I previously wrote about how STEMers complain that too many “imbiciles” (I’m quoting certain colleagues) are in power in their workplaces.
As a matter of fact, I like most of these so-called imbeciles. It’s just that they would better positioned not controlling difficult people like us 😄
(We think and talk critically and get overzealous on “the right way” way too often)
My hypothesis is that STEM orgs may benefit from getting more input from people with technical ability than political finesse.
I said, well, it’s our own fault for not stepping up to the plate. We can and should work towards positions where we can have a say.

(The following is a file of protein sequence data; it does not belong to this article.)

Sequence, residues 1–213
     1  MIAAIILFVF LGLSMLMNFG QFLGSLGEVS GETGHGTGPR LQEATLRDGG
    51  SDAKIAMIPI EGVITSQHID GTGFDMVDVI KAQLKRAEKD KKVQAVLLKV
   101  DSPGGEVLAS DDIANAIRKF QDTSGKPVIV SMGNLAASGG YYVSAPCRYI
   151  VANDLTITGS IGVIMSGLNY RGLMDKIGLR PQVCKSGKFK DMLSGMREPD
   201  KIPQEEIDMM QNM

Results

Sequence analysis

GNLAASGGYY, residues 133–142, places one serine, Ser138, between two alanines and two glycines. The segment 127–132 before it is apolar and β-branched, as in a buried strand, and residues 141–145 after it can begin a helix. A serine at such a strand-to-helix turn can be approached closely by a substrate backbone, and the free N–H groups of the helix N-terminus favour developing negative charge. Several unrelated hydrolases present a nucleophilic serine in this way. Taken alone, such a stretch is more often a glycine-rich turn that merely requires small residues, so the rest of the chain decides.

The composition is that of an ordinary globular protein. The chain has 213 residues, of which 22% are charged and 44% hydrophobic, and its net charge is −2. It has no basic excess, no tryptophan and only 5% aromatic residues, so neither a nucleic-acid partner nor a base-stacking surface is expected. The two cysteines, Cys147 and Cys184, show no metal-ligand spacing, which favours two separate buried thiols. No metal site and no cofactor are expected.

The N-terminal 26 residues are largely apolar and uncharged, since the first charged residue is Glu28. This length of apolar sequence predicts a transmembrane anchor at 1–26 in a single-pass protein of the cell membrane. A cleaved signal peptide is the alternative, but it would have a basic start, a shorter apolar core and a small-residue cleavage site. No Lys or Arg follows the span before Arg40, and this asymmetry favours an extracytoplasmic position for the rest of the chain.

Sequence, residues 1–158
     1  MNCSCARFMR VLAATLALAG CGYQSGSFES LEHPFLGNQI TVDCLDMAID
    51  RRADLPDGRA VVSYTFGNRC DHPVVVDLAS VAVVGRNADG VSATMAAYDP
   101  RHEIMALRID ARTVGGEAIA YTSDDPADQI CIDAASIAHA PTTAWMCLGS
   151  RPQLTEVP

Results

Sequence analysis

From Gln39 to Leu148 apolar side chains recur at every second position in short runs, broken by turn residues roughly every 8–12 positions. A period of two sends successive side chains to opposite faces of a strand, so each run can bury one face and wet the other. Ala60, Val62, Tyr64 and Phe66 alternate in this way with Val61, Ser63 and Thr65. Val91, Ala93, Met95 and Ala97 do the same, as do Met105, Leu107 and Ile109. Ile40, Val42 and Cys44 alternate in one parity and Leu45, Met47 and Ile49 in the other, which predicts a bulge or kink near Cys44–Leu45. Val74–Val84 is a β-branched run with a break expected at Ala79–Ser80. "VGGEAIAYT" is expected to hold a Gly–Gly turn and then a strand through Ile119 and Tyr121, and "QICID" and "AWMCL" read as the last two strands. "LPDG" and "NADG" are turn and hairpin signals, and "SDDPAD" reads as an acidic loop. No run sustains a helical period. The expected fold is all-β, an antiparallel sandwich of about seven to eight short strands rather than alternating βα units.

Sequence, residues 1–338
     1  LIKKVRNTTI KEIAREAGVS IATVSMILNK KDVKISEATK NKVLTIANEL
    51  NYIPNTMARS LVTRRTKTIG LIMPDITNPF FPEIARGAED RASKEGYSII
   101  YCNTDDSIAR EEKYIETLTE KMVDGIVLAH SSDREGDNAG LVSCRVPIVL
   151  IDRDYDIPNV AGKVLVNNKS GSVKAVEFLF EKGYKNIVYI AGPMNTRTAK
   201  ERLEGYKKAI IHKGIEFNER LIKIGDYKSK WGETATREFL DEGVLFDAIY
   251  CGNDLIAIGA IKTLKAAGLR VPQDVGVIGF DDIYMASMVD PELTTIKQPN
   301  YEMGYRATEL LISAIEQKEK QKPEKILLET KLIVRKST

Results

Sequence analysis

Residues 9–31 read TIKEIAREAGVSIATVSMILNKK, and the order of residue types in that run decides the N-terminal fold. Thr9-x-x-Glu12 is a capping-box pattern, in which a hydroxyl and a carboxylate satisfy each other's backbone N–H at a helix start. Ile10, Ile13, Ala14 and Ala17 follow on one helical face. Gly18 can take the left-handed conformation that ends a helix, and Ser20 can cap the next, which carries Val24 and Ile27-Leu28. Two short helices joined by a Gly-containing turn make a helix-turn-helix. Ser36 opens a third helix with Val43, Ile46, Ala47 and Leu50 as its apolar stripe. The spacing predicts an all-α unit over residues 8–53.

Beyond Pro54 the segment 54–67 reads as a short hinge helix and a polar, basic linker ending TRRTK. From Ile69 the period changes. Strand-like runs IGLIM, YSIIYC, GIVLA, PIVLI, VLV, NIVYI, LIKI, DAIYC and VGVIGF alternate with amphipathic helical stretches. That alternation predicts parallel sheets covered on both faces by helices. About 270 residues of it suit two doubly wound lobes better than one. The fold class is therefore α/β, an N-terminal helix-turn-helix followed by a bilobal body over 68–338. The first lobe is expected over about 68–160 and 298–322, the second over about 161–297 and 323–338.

But we are often ineffective because we choose not to participate (shame) or we try but fail because we are winging it (thanks for trying).
Being socially well-adjusted is bare minimum.
My preliminary research shows that you need to work on 3 areas to start increasing your influence. They are:
- Interpersonal skills – not just friendliness and being an all-round nice person, but ability to relate to people at a level where you relate to their motivations, emotions
- Productivity enhancers – because I find that a lot of true STEMers get stuck into the problem in such engrossing ways that they don’t end up producing enough work product the way your employer would want
- Leader mindset – this isn’t being a leader, but thinking and acting like a leader when you are going about your work. Even if you don’t have a leadership title or authority. Mandatory for ALL workers in STEM.
Complex areas to share, but maybe there’s a digestible way.